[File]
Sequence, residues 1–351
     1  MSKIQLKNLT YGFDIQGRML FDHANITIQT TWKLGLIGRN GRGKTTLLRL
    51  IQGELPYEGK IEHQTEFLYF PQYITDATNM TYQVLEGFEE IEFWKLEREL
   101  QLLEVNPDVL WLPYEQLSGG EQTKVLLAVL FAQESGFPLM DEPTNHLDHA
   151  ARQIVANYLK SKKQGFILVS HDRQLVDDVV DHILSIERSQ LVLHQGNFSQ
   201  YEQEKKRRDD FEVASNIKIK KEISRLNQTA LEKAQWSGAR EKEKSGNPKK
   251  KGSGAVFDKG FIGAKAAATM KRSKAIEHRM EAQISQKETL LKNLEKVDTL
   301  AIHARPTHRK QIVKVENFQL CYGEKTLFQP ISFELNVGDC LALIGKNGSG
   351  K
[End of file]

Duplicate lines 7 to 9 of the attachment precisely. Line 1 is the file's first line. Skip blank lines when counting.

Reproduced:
   251  KGSGAVFDKG FIGAKAAATM KRSKAIEHRM EAQISQKETL LKNLEKVDTL
   301  AIHARPTHRK QIVKVENFQL CYGEKTLFQP ISFELNVGDC LALIGKNGSG
   351  K